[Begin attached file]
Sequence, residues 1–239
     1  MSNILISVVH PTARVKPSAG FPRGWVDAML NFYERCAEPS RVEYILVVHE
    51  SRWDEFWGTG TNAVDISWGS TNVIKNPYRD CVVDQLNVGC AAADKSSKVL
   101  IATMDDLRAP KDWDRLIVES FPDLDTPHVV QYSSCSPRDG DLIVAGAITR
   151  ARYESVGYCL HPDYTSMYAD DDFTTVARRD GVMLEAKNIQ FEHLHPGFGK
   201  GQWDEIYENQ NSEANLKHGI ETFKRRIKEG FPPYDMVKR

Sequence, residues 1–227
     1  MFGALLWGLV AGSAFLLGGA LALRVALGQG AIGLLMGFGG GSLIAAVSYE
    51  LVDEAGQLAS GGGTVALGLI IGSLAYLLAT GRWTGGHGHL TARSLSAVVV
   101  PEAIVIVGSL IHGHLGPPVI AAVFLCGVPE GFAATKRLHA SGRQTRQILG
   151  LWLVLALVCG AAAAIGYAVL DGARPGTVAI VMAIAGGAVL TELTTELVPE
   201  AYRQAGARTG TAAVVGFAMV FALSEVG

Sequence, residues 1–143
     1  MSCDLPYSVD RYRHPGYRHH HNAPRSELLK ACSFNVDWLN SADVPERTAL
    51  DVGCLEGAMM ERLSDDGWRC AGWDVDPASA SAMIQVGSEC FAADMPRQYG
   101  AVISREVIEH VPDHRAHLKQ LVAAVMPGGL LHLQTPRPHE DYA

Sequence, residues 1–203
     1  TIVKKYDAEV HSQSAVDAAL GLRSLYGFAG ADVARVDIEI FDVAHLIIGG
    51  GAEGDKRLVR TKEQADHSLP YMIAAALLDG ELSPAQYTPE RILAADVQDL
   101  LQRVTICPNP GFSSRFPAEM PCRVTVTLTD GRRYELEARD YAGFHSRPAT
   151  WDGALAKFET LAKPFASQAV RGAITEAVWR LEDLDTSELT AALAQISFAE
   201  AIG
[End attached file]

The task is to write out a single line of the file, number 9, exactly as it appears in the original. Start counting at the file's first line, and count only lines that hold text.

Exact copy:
    51  LVDEAGQLAS GGGTVALGLI IGSLAYLLAT GRWTGGHGHL TARSLSAVVV